On his return to Los Angeles from Orange Country, he had an important meeting with the leadership of the African-American community. A Black delegation met him at the train and escorted him to Simpson’s Pavilion, the setting for most important events in Los Angeles in those years. The meeting was organized by African-Americans for their own people but many Whites attended. Simpson's Pavilion had a capacity of 3000 and the Los Angeles population in 1903 was about 2000; yet the place was packed.

The LOS ANGELES HERALD wrote, "White and Black sit side to side and listen to the southern orator." Speaking of the Blacks in the audience, the paper went o­n to say "Few lecturers have faced a more attractive or better dressed audience."  This was in sharp contrast to the image of Blacks in the racist comic strips in the daily press. At Simpson's Pavilion Washington's speech complimented the African-Americans of Los Angeles for their achievements in material matters and urged them to continue to accumulate things in a practical matter. He made much of improving matters in this world rather than saving for elaborate preparations for the next. The evening concluded with the 140 guests retiring for a banquet where there were more speeches and a collection for Tuskegee.

A few days later Washington was the guest of Robert Owens, a member of the best known and wealthiest of the Los Angeles African-American families. They were the third generation members of the coming together of the Roberts Owens and Biddy Mason families of the gold rush era. Wise investments by the ex-slave grandmother Biddy Mason had a great deal to do with the prosperity of the Owens-Mason family. At the time when Washington was the guest of the Owens, the Los Angeles Black population was o­n the verge of becoming larger than that of the Bay area.

Washington had several more speaking engagements in southern California.   Each o­ne of them was a triumph with good result for the fortunes of Tuskegee. He was soon to conclude his week in southern California and do a week in northern California where his oratorical triumphs  would be repeated time and time again. And there were some subtle differences between his performances in these two parts of California. At this turn of the century period a good number of whites from the former Confederate states had settled in southern California; Washington was intuitively sensitive to such a matter and adjusted his choice of words accordingly.

What he found in northern California was speaking opportunities organized by Congregationalists and Unitarians with the aid of some liberal Jews.  Congregationalists and Unitarians were the liberals of Protestant Christianity. He spoke in northern California to huge audiences of University students at Stanford and at the University of California at Berkeley. He also spoke to the now famous Mills College in Oakland. In this environment he must have felt that he could speak more openly without the fears he might have had in Alabama where all spoken words must be certain not to offend the racist sensibilities of southerners.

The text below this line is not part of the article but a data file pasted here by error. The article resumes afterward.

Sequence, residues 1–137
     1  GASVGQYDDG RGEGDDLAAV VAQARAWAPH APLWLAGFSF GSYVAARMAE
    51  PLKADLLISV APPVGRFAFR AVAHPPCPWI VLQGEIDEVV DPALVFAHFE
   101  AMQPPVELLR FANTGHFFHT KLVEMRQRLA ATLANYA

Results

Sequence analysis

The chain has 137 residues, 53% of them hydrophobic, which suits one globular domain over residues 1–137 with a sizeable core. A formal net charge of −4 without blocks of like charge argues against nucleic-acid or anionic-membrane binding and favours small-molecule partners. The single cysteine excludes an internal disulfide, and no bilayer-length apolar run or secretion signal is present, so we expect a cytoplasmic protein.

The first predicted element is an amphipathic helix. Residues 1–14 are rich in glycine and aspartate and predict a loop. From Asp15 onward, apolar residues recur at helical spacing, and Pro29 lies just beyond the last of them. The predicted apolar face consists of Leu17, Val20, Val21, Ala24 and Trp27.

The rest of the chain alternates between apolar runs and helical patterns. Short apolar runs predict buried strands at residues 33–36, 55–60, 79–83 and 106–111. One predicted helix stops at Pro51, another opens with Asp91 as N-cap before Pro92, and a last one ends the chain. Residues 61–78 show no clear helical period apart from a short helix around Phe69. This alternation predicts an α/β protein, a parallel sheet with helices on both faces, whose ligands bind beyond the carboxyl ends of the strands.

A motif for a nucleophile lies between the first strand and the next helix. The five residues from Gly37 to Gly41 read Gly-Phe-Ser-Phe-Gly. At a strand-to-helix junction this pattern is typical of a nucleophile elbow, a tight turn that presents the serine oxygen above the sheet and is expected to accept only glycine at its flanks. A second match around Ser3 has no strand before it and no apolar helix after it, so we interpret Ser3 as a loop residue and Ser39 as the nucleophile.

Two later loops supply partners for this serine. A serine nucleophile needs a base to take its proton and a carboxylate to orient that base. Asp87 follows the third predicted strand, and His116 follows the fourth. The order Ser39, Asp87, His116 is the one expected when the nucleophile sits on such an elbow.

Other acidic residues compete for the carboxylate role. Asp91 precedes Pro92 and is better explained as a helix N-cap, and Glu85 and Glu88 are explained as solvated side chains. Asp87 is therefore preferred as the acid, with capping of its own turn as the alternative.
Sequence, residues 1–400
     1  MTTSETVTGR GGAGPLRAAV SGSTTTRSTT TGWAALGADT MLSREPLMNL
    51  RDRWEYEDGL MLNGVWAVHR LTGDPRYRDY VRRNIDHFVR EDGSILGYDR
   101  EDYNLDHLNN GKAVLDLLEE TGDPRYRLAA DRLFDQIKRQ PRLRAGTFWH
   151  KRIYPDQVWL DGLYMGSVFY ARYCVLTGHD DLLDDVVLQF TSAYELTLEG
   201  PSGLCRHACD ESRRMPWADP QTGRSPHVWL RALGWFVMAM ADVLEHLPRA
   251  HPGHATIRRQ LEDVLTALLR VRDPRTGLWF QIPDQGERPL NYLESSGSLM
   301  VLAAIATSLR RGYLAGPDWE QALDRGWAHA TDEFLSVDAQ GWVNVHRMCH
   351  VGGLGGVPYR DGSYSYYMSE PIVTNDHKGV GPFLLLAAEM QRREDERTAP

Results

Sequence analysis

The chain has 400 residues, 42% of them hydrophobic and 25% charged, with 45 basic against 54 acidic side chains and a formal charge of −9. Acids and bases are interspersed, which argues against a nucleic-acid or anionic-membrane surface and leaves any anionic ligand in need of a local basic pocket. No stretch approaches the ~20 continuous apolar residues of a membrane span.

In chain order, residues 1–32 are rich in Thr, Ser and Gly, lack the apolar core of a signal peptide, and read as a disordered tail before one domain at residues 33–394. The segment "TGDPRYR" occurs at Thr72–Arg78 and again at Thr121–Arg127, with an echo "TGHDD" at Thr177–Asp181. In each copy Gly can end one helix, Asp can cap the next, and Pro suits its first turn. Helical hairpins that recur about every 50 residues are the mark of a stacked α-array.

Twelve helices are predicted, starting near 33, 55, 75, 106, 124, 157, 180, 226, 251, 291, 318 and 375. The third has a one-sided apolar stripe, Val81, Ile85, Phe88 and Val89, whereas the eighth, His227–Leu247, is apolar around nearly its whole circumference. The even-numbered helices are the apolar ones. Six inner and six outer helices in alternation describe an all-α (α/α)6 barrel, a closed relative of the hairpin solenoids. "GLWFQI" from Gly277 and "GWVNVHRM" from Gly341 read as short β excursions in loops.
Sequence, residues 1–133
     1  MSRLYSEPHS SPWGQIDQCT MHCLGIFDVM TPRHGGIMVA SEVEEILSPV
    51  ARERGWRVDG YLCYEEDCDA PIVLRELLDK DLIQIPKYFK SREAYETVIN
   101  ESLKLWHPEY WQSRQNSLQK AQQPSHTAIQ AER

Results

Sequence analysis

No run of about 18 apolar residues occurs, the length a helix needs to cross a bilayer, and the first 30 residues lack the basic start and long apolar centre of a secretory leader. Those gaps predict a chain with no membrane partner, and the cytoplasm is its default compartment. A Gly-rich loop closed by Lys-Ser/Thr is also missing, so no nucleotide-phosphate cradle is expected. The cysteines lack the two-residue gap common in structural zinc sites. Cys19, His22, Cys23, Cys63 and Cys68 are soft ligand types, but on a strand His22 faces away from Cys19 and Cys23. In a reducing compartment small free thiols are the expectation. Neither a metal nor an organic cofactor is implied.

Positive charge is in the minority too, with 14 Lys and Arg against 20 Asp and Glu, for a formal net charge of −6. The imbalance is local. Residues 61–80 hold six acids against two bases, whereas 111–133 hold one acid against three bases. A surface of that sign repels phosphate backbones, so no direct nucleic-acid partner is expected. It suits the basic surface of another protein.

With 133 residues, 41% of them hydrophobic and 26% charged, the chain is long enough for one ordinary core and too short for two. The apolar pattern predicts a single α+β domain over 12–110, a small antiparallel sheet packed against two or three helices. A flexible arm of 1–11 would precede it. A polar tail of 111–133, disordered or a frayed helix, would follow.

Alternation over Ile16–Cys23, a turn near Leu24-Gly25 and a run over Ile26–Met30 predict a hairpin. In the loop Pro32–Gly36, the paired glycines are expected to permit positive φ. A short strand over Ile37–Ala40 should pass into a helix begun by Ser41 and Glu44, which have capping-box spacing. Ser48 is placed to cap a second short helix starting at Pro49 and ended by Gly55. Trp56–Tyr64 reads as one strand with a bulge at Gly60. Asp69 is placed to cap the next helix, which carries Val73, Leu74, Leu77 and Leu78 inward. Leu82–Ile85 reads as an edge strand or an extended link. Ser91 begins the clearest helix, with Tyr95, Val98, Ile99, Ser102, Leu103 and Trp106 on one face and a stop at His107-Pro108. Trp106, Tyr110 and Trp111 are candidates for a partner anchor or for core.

In California he allowed himself to tell stories and give illustrations that implicitly called for equality with and not subordination to the white race. o­ne of his stories to college women utilized the fame and brilliance of Frederick Douglass to suggest the great potential of all African Americans.
To the Unitarians he said that he teaches his people that the foundation of their prosperity must be in the soil and in mechanical achievements but in the same speech he said that, "I would set no limit upon the development of the Negro in any direction."

In 1903 the LOS ANGELES DAILY HERALD, a white newspaper, wrote editorially, "His avowed purpose is not merely to introduce book learning among his race in the south but to fit his people, in all respects, for equality with the white race." The HERALD wrote this with approval. o­ne of the consequences of Washington’s two weeks in California was the bursting sense of pride that African-Americans felt about him as well as themselves. They saw and heard thousands of whites, young and old, and of both sexes applauding and cheering him. In that day and age in the south whites were heaping every form of disrespect upon Blacks and the cheering was for lynchings. The respect and admiration that whites in California gave to this eloquent Black man was intoxicating to California Blacks.

The African-American weekly PACIFIC COAST APPEAL printed o­n its front page an article written by Abraham Lincoln Dennis, the son of o­ne of the venerated gold rush area Black leaders George Washington Dennis, A.L. Dennis wrote, "The direct purpose of Mr. Washington's visit to California was to raise funds for the school at Tuskegee and if he accomplished his desire in this matter, his successes along this line are not to be compared with the immeasurable benefits derived from building up of the avalanche of favorable sentiment of the people of the press in California.”

(Author’s Note:  This is an abstract of a work in progress.)

Dr. Rudolph Lapp is recognized as an expert o­n Blacks in California.  He has authored Blacks in Gold Mining California and is currently working o­n a new project examining Washington’s California visits.

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0 # Jarred 2014-07-20 02:47
Thanks for finally talking about >Booker T. Washington’s California
Visits: 1903 and 1914